Courtesy NFL Films
By Mark Mravic
July 15, 2014

The MMQB presents NFL 95, a special project running through mid-July detailing 95 artifacts that tell the story of the NFL, as the league prepares to enter its 95th season. See the entire series here.

On the back windowsill of NFL Films czar Steve Sabol’s office—which has been preserved since his passing in 2012—sits a row of binders, many containing memos to his staff. One undated sheet, which features a large cartoon of a gladiator blowing a French horn, is headlined: “We need more inspirational music in our films. Heart-stirrers, pulse pounders!” Pick up a copy of “Music From NFL Films, Vol. 1,” and you’ll know exactly what Sabol was seeking.

NFL Films, a catalyst in mythologizing pro football, produces more than 1,000 hours of programming per year. Each show presents the sport through the lens of human drama, with its hallmark style of tight, low-angled shots, slow-motion action, exclusive sideline access and poetic prose. Binding it all together is the music. The orchestral sounds of Sam Spence evoke images of troops preparing for battle, spaghetti westerns or grand literary romances. But if you close your eyes and listen to tracks such as “Gut Pride” or the up-tempo jazzy hit “Ramblin’ Man from Gramblin’,” you might also see a football field.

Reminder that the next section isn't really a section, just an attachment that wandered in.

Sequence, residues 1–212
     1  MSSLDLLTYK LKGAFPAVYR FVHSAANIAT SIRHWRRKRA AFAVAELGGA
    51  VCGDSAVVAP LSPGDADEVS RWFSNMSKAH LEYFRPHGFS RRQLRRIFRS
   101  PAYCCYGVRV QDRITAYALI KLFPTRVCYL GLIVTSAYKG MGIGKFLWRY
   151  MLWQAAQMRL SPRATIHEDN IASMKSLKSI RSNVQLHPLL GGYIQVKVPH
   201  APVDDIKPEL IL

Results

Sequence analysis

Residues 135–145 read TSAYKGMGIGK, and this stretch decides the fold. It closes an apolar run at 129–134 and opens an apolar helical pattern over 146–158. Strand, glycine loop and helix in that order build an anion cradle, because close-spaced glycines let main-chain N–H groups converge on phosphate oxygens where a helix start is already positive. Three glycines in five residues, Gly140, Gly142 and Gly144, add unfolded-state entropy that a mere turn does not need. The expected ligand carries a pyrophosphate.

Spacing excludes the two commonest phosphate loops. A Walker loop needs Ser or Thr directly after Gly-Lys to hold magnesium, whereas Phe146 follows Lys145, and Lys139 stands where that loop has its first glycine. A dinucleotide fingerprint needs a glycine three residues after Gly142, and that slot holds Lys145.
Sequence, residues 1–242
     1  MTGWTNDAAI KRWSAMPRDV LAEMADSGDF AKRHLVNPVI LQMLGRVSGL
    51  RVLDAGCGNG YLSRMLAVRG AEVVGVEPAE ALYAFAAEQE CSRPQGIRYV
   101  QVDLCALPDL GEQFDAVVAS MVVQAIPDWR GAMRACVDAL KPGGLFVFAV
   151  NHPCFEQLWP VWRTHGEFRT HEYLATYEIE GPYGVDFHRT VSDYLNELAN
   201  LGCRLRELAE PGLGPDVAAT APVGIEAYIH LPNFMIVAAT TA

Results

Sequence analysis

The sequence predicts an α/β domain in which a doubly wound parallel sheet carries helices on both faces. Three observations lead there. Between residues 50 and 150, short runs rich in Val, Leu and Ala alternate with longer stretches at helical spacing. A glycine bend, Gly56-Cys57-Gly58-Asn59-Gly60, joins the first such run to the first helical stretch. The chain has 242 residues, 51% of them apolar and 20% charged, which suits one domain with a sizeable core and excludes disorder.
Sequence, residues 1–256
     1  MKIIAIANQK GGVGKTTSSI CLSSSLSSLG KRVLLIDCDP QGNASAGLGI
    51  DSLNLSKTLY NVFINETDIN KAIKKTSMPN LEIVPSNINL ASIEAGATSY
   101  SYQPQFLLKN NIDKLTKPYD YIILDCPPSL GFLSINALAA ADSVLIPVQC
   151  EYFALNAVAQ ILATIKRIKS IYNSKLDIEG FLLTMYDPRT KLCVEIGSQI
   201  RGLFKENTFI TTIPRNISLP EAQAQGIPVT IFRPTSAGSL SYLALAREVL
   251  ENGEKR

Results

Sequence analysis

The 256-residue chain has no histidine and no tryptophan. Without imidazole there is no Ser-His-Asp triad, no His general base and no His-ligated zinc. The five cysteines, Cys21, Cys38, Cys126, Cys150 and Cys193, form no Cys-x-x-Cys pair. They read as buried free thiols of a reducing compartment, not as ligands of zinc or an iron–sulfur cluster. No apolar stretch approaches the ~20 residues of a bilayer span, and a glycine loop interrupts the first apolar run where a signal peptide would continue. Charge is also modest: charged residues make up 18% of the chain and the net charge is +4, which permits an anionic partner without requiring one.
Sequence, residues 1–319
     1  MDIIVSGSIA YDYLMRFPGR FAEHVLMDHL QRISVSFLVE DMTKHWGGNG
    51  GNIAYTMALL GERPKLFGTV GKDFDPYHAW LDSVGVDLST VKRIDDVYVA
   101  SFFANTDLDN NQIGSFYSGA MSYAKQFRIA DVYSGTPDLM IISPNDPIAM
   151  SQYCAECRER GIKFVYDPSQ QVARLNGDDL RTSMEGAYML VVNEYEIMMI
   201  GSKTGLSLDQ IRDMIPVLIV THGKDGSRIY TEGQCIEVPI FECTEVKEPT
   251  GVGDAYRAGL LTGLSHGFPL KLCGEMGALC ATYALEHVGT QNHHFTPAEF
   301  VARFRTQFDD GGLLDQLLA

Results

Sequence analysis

Combined with booming narration from John Facenda (many of his scripts penned by Sabol), this soundtrack reveals how Americans began to appreciate football as not only a game of X’s and O’s but as a stage for human struggle and success. The tracks are heart-stirring, pulse-pounding and everything we have come to love about the sport.

—Emily Kaplan

NFL 95: Read the Series



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